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 Table of Contents  
Year : 2018  |  Volume : 111  |  Issue : 2  |  Page : 63-69

Comparing the outcome of intraocular lens implantation with or without posterior optic capture in pediatric cataract surgery

1 Ophthalmology Department, Research Institute of Ophthalmology, Cairo, Egypt
2 Ophthalmology Department, Faculty of Medicine, Ain Shams University, Cairo, Egypt

Date of Submission01-May-2018
Date of Acceptance07-May-2018
Date of Web Publication30-Aug-2018

Correspondence Address:
Mohamed G Aly
Ophthalmology Department, Faculty of Medicine, Ain Shams University, El Abbaseya, Cairo, 11566
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Source of Support: None, Conflict of Interest: None

DOI: 10.4103/ejos.ejos_25_18

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Purpose To evaluate the outcome of intraocular lens (IOL) implantation with posterior optic capture versus in-the-bag implantation in pediatric cataract surgery.
Setting Ain Shams University Hospital and Research Institute of Ophthalmology.
Design It is a prospective, comparative clinical study.
Patients and methods Thirty eyes with developmental cataract underwent primary cataract extraction and IOL implantation of hydrophobic acrylic multipiece Sensar IOL AR40e. In all cases, anterior and posterior continuous curvilinear capsulorrhexis, lens aspiration, and anterior vitrectomy were performed. IOL was implanted in the ciliary sulcus, and the optic was captured in both anterior and posterior capsulorrhexis in group A (15 eyes) and implanted in the bag without capture in group B (15 eyes). Visual acuity, visual axis opacification, red reflex, intraocular pressure, centration, and complications were all assessed.
Results The mean age of children was 5.3±2.93 years. At 6 months of follow-up, the mean postoperative corrected distant visual acuity was 0.69±0.19 and 0.65±0.23 in groups A and B, respectively. The mean clear central zone was 4.29±0.24 and 3.6±0.55 mm in groups A and B, respectively (P=0.001). The mean IOL decentration measured in mm was 1.61±1.17 and 0.86±0.28 SD in groups A and B, respectively (P=0.003). There were no postoperative complications in all cases.
Conclusion Placement of IOL haptics in the ciliary sulcus while capturing the optic through the posterior continuous curvilinear capsulorrhexis provides more central clarity of the visual axis, however IOL decentration was more common.

Keywords: optic capture, pediatric cataract, posterior capsular opacification

How to cite this article:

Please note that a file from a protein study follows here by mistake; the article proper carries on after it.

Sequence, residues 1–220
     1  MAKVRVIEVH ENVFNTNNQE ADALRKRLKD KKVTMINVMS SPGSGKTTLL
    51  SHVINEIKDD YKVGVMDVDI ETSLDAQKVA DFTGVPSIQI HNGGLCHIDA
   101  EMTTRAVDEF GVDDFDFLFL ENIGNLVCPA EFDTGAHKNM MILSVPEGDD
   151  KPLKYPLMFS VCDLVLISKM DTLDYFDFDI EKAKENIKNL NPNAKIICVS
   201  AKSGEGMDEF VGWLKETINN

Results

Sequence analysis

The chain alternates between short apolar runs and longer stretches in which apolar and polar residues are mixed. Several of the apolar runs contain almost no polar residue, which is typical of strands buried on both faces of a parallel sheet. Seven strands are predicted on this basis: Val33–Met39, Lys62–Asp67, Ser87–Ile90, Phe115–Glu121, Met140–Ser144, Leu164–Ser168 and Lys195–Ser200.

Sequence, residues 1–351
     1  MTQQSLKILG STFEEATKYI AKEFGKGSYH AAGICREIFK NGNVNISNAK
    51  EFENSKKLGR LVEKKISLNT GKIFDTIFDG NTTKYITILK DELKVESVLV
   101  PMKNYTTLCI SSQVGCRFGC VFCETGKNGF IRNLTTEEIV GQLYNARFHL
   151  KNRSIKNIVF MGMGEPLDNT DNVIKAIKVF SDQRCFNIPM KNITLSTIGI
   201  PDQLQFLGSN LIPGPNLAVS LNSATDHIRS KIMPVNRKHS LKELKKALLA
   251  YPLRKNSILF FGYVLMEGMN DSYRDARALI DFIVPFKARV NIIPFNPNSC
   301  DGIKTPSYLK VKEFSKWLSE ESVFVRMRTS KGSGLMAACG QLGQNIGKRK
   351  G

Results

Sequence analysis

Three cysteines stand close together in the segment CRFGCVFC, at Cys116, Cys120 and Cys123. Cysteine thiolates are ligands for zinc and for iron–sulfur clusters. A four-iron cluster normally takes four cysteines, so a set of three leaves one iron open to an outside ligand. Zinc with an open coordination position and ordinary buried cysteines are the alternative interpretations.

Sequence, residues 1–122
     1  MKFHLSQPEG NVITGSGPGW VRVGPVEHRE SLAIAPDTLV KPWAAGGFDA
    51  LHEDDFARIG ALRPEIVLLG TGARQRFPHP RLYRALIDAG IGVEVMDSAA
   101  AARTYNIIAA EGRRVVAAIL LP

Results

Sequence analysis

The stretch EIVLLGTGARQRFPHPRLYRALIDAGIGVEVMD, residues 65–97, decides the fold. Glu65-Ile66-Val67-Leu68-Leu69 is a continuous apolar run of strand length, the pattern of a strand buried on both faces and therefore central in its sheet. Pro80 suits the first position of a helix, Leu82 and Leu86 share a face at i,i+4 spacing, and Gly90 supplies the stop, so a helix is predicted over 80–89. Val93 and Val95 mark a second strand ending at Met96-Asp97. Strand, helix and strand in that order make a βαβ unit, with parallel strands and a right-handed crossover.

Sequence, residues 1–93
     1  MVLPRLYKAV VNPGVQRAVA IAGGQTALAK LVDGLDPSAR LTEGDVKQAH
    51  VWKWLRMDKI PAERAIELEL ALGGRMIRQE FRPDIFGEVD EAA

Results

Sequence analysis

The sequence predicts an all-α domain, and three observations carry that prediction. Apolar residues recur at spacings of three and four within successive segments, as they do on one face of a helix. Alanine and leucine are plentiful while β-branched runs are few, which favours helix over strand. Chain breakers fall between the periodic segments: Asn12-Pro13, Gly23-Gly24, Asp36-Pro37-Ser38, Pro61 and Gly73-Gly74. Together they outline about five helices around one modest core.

El-Meshad NM, Aly MG, Galal AS, Risk AA, Ismail ZF. Comparing the outcome of intraocular lens implantation with or without posterior optic capture in pediatric cataract surgery. J Egypt Ophthalmol Soc 2018;111:63-9

How to cite this URL:
El-Meshad NM, Aly MG, Galal AS, Risk AA, Ismail ZF. Comparing the outcome of intraocular lens implantation with or without posterior optic capture in pediatric cataract surgery. J Egypt Ophthalmol Soc [serial online] 2018 [cited 2019 Jul 16];111:63-9. Available from: http://www.jeos.eg.net/text.asp?2018/111/2/63/240159

  Introduction Top

Over the past few years, improvements in technology and adjustments in surgical procedures have brought pediatric cataract surgery to a new horizon. Automation of the surgery, and the use of intraocular lenses (IOLs) had improved both the anatomical and functional outcomes [1]. However, posterior capsular opacification occurs in 51–100% of those who do not have a primary posterior capsulotomy, and remains the main obstacle for proper visual rehabilitation in children [2]. A neodymium yttrium aluminum garnet (Nd:YAG) capsulotomy does not provide a long-lasting clear visual axis because lens epithelial cells can find their way to the posterior surface of the lens, not to mention the technical difficulty in children [3]. The transformation of residual lens epithelial cells can result in dense membranes on the anterior hyaloid surface, visual axis opacification, haptic displacement, and iris capture [4]. Posterior curvilinear continuous capsulorrhexis (PCCC) with optic capture is a technique initially described by Gimbel in 1994 to maintain a clear visual axis after pediatric cataract surgery [5]. The technique encompasses capturing the IOL optic through a PCCC, while keeping the haptics within the capsular bag. This technique was shown to prevent posterior capsular opacification and maintain IOL centration for children with developmental cataract of 6 years of age or less [1].

In situations where access to YAG lasers is difficult, this technique could be considered as a method to reduce the need for dissection of the posterior capsule as a second procedure. Moreover, optic capture has the advantage of preventing vitreous herniation [6]. However, Vasavada and Trivedi [7] reported that optic capture predisposes the eye to an increased postoperative uveal inflammatory response, as evidenced by a larger proportion of posterior synechiae and IOL deposits. The aim of this study is to evaluate the outcome of the sulcus IOL implantation with posterior optic capture compared to the commonly used ‘in the bag implantation’ without optic capture.